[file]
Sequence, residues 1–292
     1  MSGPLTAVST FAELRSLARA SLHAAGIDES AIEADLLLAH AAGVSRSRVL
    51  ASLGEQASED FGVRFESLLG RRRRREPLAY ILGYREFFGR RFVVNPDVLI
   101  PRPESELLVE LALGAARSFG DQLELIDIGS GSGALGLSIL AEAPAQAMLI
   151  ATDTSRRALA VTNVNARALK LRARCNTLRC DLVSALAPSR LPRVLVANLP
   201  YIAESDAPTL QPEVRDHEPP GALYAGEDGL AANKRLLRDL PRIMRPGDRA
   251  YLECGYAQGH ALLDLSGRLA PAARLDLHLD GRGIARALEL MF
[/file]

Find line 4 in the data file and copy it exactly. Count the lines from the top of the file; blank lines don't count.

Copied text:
   101  PRPESELLVE LALGAARSFG DQLELIDIGS GSGALGLSIL AEAPAQAMLI